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date: 23 October 2019

Abstract and Keywords

The popular image of Iron Age religion is of religious ceremonies, officiated by druids in sacred groves. Scholarly accounts utilize two main sources of evidence: literary and archaeological. Many are based on evidence gathered largely from classical texts and early medieval Irish and Welsh literature. This article refutes the existence of a single universal European Iron Age religion. Although regional and temporal similarities can be observed, the specific details of practice are different. Instead it argues that for the most part Iron Age religion was practiced on a local scale. Relationships with the supernatural were negotiated within systems of belief that were intimately bound up and connected with every other aspect of life. The chronological and geographical scope of this article stretches from 800 bc–first century ad and focuses on Western Europe, particularly Britain and France.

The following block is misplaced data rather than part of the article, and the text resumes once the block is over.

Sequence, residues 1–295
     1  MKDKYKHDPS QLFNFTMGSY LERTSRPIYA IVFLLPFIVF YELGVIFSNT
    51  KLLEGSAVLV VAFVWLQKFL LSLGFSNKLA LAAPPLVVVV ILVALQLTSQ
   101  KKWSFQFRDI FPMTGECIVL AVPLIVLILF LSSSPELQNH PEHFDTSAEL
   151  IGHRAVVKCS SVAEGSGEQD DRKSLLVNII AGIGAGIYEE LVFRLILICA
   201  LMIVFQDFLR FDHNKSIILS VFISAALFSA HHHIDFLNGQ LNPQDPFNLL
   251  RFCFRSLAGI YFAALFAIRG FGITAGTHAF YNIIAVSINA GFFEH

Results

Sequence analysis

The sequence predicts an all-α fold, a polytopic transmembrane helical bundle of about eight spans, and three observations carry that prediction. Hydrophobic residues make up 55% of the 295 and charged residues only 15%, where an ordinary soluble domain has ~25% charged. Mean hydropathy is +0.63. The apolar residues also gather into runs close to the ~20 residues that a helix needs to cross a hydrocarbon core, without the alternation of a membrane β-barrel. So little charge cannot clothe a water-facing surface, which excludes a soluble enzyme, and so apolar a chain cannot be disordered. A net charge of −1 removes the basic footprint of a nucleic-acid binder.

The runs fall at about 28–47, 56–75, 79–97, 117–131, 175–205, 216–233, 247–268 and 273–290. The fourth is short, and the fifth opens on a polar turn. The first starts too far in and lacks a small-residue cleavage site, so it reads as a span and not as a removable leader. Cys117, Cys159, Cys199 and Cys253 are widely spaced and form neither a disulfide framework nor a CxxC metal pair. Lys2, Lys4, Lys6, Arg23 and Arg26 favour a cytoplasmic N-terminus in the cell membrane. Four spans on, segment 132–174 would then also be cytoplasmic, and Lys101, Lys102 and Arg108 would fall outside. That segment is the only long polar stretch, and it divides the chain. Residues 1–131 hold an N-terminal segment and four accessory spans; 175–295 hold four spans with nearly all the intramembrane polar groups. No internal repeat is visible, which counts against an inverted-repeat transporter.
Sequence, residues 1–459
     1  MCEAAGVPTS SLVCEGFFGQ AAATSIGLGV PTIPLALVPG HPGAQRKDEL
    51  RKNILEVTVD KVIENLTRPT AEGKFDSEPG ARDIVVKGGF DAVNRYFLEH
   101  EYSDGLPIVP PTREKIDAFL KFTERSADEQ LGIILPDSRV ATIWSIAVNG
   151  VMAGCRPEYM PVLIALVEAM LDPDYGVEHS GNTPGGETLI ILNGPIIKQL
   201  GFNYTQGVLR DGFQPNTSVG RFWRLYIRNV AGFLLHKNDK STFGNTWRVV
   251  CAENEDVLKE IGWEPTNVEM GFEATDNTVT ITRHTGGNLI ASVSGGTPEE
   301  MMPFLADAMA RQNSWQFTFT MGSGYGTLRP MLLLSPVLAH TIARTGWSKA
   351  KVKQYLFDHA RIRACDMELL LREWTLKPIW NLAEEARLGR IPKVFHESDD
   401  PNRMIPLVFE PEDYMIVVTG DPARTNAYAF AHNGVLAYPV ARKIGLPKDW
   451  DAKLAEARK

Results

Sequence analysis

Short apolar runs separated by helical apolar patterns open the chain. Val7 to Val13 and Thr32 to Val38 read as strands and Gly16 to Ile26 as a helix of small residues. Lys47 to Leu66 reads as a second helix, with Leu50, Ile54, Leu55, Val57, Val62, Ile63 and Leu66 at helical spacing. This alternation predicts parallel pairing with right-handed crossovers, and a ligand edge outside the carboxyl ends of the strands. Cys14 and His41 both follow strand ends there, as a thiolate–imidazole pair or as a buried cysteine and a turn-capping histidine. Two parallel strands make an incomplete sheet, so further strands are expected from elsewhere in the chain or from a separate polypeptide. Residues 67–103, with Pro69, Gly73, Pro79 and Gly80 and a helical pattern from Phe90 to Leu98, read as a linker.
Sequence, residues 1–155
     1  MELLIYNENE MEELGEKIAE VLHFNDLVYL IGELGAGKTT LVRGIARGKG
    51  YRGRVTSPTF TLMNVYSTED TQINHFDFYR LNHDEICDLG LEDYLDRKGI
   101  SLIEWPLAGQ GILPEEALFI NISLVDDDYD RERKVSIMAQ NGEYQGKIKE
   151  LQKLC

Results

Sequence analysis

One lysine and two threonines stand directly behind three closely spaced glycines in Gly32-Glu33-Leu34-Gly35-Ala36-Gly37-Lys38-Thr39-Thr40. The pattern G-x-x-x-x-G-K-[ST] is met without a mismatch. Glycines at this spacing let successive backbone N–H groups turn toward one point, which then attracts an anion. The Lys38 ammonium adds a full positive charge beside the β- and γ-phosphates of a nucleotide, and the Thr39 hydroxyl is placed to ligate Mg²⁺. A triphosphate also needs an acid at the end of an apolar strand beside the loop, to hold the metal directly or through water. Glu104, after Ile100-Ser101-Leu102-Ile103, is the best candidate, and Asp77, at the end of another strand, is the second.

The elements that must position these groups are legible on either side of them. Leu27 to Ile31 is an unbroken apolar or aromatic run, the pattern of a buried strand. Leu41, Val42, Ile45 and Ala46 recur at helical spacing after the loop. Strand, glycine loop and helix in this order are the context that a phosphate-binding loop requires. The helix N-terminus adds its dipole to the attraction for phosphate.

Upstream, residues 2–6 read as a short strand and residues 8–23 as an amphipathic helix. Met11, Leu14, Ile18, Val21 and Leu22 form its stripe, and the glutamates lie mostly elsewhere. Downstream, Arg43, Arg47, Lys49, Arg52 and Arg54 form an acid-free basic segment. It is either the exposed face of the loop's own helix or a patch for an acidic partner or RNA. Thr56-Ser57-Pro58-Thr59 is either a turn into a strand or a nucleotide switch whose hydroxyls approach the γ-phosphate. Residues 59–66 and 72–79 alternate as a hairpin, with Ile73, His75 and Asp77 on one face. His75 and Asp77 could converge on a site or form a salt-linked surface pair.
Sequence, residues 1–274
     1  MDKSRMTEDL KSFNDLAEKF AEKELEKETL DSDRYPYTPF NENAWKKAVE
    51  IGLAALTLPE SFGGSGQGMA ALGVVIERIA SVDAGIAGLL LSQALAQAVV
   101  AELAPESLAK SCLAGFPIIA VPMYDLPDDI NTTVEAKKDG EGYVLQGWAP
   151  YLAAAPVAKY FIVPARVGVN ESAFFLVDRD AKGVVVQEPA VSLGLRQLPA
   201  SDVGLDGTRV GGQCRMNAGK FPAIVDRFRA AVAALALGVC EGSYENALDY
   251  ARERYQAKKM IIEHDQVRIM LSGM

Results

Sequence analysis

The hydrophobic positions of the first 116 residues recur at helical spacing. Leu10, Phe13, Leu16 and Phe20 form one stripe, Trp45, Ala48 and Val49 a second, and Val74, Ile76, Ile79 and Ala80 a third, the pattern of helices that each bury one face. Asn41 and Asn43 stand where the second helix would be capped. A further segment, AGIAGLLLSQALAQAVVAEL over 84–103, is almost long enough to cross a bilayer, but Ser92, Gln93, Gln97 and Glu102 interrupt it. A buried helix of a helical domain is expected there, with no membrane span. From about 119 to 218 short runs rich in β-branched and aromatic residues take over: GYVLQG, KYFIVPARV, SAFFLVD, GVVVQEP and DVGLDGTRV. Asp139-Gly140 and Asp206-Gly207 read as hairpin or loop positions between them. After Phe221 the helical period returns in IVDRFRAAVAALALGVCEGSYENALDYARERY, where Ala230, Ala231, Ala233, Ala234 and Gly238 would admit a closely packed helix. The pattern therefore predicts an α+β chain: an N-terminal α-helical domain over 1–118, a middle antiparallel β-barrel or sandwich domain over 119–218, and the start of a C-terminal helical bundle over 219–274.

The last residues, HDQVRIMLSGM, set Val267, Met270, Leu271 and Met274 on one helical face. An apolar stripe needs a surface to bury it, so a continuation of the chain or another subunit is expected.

Keywords: European Iron Age religion, universal religion, local religion, rituals

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